Does introducing the Boarding House proprietor mean you have to introduce her later in a section of her own, or will she remain a minor character? She seems involved and important just because the preacher looks familiar to her, and though this is the beginning of a business relationship, she is cutting him a break despite the similarities he shares with her late husband.

I don’t really have any criticisms. I’m just ready to read more. I want to see where all of this is going. If all of the characters are going to converge at Big Moon, I’m interested to find out why—can it just be an accident, or is some force bringing them there, and if it’s the latter, why and how? And—always—what’s going to happen next?

9:34 AM  
Blogger The Damned said...

okay, now that we've got that stupid F100detail out of the way i'm going to have to ask the same question as adam...is the proprietor of the house going to be minor or will she have a story of her own? either way, it's going to be tricky talking about her consistantly...sometimes minor characters are hard to keep minor...know aht i mena? anyway, are the events that are going to happen happening TO her or AROUND her...BECAUSE of her or DESPITE her? i'm very curious and eager to read more of this...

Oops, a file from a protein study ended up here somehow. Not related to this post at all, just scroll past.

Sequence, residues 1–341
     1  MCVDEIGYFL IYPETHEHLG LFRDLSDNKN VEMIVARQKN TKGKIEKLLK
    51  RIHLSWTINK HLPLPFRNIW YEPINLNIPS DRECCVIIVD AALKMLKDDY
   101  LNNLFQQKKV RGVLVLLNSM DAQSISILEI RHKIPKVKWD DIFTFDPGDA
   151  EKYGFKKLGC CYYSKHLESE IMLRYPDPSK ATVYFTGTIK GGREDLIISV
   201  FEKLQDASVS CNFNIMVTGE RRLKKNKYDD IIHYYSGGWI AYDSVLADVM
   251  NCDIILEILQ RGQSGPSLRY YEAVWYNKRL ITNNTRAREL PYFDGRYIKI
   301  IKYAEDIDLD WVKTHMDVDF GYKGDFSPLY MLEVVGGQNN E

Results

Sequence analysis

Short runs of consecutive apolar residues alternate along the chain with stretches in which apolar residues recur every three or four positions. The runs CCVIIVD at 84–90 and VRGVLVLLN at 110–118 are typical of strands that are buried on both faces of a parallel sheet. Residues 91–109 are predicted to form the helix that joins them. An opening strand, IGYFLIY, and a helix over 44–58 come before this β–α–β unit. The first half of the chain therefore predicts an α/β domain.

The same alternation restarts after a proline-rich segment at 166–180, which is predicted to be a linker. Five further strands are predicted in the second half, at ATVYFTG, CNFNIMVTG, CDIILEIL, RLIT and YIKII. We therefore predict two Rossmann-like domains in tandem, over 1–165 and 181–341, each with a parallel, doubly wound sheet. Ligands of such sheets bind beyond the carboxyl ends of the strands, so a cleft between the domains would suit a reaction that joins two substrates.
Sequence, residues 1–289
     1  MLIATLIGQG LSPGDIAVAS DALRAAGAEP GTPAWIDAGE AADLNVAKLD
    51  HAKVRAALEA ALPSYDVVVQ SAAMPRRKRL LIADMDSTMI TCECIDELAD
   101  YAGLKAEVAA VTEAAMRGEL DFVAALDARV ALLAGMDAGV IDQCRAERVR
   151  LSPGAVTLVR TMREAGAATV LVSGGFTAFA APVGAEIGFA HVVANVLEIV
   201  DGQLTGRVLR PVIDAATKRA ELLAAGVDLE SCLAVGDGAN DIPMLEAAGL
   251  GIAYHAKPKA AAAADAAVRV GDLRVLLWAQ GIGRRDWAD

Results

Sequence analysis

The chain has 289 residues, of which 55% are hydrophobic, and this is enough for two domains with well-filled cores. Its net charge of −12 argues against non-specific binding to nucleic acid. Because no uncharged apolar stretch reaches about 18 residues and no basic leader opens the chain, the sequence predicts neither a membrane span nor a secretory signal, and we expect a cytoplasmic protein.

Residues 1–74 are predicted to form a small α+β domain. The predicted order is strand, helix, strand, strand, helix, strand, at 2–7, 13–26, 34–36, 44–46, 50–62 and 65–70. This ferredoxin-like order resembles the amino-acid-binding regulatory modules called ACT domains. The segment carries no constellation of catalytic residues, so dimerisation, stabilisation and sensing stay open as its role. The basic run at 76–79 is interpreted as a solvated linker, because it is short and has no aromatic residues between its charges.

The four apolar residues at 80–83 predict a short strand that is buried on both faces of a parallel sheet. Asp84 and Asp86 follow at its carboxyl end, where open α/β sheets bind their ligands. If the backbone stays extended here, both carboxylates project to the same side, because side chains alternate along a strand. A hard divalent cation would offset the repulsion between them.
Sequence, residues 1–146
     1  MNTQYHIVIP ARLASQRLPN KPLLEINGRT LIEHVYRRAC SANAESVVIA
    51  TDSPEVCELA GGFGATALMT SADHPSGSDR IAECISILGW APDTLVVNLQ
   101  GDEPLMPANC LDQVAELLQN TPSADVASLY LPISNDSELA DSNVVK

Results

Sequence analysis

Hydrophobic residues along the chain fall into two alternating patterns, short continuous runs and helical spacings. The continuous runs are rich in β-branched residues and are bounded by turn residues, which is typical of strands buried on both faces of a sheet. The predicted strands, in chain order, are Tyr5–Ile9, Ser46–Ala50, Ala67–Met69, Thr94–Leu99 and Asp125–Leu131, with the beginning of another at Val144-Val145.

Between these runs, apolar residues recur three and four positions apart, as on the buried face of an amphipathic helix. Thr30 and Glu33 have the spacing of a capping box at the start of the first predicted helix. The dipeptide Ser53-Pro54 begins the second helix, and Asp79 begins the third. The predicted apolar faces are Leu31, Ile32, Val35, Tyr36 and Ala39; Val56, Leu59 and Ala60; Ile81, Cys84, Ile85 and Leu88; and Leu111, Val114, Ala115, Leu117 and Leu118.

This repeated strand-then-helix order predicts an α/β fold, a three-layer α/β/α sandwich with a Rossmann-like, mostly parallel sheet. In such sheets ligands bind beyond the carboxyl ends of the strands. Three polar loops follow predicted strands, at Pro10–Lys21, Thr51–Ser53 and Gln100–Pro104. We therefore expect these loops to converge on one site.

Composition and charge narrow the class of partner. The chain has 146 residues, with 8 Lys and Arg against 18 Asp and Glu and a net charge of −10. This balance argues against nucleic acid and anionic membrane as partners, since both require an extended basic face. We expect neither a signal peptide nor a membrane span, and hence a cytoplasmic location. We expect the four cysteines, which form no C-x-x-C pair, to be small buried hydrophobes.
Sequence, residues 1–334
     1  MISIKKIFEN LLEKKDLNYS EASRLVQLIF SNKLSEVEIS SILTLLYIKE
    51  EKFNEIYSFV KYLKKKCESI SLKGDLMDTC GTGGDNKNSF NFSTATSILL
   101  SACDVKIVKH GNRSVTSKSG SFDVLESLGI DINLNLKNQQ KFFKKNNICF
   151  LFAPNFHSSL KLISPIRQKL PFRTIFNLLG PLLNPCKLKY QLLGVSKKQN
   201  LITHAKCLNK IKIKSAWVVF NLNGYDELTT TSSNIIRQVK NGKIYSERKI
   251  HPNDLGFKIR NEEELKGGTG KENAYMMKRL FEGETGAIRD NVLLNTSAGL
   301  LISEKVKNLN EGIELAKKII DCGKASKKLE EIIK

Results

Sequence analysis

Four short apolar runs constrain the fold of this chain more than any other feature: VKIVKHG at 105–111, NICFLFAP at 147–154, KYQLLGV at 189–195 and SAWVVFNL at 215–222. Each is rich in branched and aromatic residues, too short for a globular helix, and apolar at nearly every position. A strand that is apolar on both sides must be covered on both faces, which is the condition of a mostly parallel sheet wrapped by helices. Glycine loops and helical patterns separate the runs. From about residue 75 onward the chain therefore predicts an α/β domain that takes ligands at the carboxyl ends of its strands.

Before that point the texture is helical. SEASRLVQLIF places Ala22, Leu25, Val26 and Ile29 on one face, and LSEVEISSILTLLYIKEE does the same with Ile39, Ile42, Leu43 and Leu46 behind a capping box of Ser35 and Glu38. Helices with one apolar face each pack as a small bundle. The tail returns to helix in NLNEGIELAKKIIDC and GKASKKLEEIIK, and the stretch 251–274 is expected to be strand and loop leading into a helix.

10:21 AM  
Blogger The Damned said...

yikes, i should really proof read these posts of mine...especially when taking codine!

10:22 AM  
Blogger The Damned said...

Joy, Adam:

Thanks for the good comments.

To answer a couple of questions, yes, the man does indeed know that particular truck (I'm glad that came across, actually; should I play it up a bit, to greater effect?); this is why he pales. Also, as for the dog, I don't plan on killing it. The dog will make it to the very end. (It's the turtle that's toast, mwha-ha-haaa!)

I do think that sentence about "dark shapes waiting" is a bit pretentious and vague; it's meant to suggest those weird spots that show up sometimes in your vision when you've been sleep-deprived. I'll think of a way to better it.